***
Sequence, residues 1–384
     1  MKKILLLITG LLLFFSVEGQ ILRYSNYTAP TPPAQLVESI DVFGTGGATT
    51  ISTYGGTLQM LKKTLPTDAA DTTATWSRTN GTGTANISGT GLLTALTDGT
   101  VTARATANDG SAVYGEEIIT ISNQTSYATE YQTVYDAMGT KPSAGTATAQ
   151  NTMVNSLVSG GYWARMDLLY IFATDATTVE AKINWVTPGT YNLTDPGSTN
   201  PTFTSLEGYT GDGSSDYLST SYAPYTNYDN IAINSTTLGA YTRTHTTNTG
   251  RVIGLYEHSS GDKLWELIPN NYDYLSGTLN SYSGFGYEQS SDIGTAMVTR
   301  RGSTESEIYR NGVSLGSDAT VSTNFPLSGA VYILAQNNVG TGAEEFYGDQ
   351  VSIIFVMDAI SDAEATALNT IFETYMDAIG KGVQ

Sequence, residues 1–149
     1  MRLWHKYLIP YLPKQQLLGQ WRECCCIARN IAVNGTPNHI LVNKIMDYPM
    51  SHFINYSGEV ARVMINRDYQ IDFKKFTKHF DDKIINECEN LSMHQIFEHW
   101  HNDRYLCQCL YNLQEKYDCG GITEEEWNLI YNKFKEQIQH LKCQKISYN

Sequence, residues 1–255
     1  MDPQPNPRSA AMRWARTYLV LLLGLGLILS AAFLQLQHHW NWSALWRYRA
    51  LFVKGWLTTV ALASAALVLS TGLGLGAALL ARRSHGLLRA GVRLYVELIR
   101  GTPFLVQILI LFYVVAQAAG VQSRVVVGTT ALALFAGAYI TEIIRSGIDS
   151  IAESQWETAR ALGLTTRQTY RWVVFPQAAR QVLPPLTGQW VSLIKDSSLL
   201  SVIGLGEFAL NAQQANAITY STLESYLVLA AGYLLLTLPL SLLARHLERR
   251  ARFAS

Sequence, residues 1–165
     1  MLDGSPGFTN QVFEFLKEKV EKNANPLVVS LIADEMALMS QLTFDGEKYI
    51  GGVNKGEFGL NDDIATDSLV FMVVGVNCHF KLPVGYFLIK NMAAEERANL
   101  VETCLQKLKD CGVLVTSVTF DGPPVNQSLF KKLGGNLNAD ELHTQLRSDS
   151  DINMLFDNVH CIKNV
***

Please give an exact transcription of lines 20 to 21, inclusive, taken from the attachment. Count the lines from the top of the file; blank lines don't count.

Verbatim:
   251  ARFAS

Sequence, residues 1–165